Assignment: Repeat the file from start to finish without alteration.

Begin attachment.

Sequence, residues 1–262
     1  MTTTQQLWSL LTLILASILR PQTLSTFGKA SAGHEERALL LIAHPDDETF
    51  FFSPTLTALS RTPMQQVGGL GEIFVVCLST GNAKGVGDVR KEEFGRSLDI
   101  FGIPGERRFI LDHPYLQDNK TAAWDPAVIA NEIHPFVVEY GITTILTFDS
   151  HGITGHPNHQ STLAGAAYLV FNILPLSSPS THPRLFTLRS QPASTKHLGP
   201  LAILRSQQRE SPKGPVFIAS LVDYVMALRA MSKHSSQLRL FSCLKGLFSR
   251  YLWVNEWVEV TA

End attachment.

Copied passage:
Sequence, residues 1–262
     1  MTTTQQLWSL LTLILASILR PQTLSTFGKA SAGHEERALL LIAHPDDETF
    51  FFSPTLTALS RTPMQQVGGL GEIFVVCLST GNAKGVGDVR KEEFGRSLDI
   101  FGIPGERRFI LDHPYLQDNK TAAWDPAVIA NEIHPFVVEY GITTILTFDS
   151  HGITGHPNHQ STLAGAAYLV FNILPLSSPS THPRLFTLRS QPASTKHLGP
   201  LAILRSQQRE SPKGPVFIAS LVDYVMALRA MSKHSSQLRL FSCLKGLFSR
   251  YLWVNEWVEV TA